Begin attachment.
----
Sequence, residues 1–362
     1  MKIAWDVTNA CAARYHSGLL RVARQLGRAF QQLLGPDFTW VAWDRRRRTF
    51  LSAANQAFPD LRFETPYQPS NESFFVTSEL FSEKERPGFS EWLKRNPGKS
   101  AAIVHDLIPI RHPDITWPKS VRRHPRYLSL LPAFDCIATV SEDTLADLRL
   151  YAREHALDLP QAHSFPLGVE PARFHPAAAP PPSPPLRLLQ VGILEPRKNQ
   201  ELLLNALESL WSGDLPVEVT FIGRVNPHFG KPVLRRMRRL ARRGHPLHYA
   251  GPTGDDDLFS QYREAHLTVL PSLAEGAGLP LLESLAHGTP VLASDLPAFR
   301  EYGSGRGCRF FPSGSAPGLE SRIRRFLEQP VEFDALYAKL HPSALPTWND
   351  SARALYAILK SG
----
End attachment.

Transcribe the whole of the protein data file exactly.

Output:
Sequence, residues 1–362
     1  MKIAWDVTNA CAARYHSGLL RVARQLGRAF QQLLGPDFTW VAWDRRRRTF
    51  LSAANQAFPD LRFETPYQPS NESFFVTSEL FSEKERPGFS EWLKRNPGKS
   101  AAIVHDLIPI RHPDITWPKS VRRHPRYLSL LPAFDCIATV SEDTLADLRL
   151  YAREHALDLP QAHSFPLGVE PARFHPAAAP PPSPPLRLLQ VGILEPRKNQ
   201  ELLLNALESL WSGDLPVEVT FIGRVNPHFG KPVLRRMRRL ARRGHPLHYA
   251  GPTGDDDLFS QYREAHLTVL PSLAEGAGLP LLESLAHGTP VLASDLPAFR
   301  EYGSGRGCRF FPSGSAPGLE SRIRRFLEQP VEFDALYAKL HPSALPTWND
   351  SARALYAILK SG